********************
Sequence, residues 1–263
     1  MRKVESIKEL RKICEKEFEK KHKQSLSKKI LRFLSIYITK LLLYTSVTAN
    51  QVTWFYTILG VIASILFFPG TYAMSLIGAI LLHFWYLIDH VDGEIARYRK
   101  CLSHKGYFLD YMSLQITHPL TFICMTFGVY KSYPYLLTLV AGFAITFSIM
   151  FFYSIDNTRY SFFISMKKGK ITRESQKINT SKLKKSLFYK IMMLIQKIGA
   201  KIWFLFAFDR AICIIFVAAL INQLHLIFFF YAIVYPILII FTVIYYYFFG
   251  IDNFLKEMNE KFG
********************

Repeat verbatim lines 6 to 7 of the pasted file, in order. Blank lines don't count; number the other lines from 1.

   201  KIWFLFAFDR AICIIFVAAL INQLHLIFFF YAIVYPILII FTVIYYYFFG
   251  IDNFLKEMNE KFG